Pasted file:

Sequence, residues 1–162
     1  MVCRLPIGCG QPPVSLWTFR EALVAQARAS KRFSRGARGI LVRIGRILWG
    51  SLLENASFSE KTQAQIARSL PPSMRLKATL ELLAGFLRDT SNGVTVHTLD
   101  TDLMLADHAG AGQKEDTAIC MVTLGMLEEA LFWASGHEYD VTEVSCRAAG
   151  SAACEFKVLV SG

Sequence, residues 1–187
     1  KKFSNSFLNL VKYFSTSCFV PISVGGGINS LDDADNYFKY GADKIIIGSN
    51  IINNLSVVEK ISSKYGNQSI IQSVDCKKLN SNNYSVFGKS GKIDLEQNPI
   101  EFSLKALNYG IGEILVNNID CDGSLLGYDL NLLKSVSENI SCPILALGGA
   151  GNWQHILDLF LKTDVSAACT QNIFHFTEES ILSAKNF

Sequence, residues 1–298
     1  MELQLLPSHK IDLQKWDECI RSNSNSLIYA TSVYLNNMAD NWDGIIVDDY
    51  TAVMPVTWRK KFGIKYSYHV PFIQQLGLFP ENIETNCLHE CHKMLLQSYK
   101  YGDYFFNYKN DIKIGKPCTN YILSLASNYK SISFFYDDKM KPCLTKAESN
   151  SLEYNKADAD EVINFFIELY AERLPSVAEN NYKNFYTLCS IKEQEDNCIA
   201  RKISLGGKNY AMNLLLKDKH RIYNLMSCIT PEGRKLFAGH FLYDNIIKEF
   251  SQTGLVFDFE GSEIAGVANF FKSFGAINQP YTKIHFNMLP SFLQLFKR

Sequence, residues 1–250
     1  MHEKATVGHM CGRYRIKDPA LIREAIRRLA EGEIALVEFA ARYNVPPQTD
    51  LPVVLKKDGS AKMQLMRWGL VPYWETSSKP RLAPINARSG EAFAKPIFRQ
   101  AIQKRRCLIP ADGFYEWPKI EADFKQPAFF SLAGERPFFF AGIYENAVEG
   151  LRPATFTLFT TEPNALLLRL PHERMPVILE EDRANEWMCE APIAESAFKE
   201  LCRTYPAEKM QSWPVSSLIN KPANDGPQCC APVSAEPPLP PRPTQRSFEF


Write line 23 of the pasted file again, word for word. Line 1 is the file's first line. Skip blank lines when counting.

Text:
   201  LCRTYPAEKM QSWPVSSLIN KPANDGPQCC APVSAEPPLP PRPTQRSFEF